“Man has been appointed as a steward for the management of God’s property, and ultimately, he will give account for his stewardship.” – Luke 16:2
Leveraging a gracious gift specified for infrastructure upgrades, the church has just installed a sizable collection of solar panels. Piedmont Community Church is blessed to be able to take on a project with three important criteria:
- Cares for God’s gift of the earth by reducing our carbon impact.
- Actually saves money in the long run.
- The capital to make the up-front investment is available.
The expected Return on Investment for the project is approximately seven years and the system should last for decades to come.
But that doesn’t mean the energy savings won’t impact the church until the 2020’s. In fact, the contrary is true. The church will have reduced carbon emissions immediately and the reduction in operating costs also starts this day forward. “The ability to combat global climate change while simultaneously providing for the church’s economic health long-term is unquestionably a ‘win-win’ scenario,” says Board of Trustee’s Tim Recker, chair of our Finance Committee. “We believe that this type of investment demonstrates our desire to be good stewards of both our financial and environmental resources.”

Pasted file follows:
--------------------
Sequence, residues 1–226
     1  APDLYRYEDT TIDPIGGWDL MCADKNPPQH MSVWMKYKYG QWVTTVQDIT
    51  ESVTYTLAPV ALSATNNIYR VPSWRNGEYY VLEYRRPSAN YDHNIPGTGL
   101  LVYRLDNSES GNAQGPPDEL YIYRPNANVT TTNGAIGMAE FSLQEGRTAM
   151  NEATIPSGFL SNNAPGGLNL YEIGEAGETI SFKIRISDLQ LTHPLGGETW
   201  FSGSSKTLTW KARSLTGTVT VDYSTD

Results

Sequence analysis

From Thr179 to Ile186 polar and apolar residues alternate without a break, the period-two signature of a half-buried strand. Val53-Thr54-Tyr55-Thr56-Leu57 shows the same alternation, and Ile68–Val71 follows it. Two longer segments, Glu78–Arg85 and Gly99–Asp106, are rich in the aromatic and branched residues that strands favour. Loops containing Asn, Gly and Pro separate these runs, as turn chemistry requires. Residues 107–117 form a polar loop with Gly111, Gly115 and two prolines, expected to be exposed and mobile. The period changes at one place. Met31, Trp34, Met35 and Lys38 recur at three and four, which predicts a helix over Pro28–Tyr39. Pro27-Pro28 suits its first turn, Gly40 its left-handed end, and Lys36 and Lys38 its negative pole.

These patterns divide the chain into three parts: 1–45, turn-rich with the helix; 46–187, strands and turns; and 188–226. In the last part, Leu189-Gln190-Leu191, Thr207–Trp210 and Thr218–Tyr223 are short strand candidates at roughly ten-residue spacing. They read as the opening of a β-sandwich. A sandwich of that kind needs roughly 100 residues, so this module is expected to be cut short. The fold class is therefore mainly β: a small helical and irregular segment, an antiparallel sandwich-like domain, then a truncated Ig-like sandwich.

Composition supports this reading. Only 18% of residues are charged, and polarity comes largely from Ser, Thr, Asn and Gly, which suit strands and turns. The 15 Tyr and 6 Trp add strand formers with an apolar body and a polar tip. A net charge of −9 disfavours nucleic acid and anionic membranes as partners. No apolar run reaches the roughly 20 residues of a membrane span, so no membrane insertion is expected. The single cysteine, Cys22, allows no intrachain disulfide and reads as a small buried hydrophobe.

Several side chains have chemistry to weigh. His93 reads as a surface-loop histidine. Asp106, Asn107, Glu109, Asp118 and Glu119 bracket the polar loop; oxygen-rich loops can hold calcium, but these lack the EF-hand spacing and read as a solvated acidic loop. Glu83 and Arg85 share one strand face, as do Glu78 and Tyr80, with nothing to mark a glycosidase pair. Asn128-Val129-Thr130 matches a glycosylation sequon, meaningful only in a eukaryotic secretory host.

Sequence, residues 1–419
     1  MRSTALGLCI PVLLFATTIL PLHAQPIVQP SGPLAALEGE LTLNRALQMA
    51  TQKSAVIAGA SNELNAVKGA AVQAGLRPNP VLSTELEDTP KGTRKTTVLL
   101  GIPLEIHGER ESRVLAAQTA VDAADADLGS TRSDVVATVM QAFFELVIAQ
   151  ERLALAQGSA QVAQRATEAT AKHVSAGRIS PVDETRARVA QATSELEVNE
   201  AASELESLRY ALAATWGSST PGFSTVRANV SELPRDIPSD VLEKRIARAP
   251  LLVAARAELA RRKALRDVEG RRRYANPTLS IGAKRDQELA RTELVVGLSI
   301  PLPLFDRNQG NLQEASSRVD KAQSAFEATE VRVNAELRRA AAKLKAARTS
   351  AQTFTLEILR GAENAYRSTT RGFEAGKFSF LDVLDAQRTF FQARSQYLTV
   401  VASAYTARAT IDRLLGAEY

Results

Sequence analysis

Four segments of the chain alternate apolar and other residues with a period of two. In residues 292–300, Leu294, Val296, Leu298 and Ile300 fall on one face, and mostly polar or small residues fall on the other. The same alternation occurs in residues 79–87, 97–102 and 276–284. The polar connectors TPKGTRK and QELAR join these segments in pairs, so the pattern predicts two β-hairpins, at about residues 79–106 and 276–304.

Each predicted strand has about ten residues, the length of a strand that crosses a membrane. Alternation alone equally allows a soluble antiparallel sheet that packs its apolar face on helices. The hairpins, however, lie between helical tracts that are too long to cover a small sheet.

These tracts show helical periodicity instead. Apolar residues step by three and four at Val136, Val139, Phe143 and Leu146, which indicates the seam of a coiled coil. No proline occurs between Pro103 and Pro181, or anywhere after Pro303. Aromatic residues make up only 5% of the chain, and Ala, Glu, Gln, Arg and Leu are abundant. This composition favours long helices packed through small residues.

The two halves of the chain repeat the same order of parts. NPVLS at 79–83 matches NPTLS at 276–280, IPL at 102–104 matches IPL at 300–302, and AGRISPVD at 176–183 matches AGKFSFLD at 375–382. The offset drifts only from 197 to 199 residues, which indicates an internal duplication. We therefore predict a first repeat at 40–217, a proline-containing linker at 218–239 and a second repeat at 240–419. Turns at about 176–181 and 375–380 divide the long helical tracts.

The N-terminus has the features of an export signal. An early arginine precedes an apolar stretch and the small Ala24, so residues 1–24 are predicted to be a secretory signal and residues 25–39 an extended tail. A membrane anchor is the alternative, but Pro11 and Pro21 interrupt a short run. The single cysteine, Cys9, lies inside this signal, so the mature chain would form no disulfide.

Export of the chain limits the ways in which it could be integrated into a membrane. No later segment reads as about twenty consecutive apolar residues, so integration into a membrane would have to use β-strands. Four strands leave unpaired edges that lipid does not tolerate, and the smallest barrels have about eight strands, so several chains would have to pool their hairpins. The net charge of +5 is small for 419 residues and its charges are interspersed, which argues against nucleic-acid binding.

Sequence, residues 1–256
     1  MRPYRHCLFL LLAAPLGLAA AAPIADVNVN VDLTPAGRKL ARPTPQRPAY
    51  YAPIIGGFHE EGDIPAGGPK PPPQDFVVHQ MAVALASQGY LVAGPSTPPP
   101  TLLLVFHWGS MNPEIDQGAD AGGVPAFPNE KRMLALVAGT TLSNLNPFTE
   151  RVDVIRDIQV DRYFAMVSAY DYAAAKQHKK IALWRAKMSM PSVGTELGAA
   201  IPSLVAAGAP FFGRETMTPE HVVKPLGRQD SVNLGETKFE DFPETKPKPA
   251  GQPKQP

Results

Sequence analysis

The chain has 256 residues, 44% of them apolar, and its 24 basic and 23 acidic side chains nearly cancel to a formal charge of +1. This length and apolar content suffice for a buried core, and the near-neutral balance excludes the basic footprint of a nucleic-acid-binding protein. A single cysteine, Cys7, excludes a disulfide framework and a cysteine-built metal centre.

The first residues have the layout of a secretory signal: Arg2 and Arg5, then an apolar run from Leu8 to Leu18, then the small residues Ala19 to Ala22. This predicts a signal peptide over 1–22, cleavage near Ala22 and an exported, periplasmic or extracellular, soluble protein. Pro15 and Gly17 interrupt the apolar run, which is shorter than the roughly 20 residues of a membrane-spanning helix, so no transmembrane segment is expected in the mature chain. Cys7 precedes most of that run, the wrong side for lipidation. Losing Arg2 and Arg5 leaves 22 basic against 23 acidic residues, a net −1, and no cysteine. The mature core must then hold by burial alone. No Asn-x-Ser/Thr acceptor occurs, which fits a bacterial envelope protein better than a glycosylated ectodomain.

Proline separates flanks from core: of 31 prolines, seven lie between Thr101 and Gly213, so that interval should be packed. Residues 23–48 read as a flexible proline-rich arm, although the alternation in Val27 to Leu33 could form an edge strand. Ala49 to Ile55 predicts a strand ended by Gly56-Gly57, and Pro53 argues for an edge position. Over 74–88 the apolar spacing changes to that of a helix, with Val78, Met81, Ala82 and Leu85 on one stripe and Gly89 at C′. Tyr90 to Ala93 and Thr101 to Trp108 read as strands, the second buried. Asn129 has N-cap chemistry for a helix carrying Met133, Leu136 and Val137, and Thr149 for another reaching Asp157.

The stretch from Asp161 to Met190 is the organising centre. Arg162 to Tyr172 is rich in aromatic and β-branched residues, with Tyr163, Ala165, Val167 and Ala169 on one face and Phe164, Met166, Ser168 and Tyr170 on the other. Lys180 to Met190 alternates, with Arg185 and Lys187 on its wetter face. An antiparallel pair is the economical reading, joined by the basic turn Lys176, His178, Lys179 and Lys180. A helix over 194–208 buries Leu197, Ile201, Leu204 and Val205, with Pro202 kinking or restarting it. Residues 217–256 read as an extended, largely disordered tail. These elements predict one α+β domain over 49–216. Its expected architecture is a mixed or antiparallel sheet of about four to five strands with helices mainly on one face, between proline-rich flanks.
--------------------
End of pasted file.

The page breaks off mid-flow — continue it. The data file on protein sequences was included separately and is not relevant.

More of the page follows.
Senior Reverend Dr. William McNabb comments, “God created this wonderful home we call earth and he gave it to us to take care of. He gave us ‘dominion’ over the earth. So technically we are stewards of this planet.”
Piedmont Church solicited several bids and the project was awarded to SunWork Renewable Energy Projects out of Milpitas. They wasted no time getting to work and with a start date of August 4th, the project went operational on August 18th. “The solar cells are operating just as we expected; so far, so good.” Adds Jim Kellogg who chairs the Building and Grounds committee. “As any owner of a building knows, there can always be unexpected snags with any large project and these can lead to overruns in time and money. Luckily, our installation went off without a significant problem.” Thank the Lord; literally for the members and staff of Piedmont Community Church.
Reverend McNabb continues, “I was excited when I heard about the solar panel project because anything we can do to cut down on fossil fuel use and move toward renewable energy helps the planet. To me this project fits perfectly with being good stewards of the earth.”
And although the sight of solar panels on rooftops have become quite commonplace, the installation of 74 on the church’s south-facing roofing has been accomplished with very little visual impact to the building. Most members and visitors don’t even know they are there.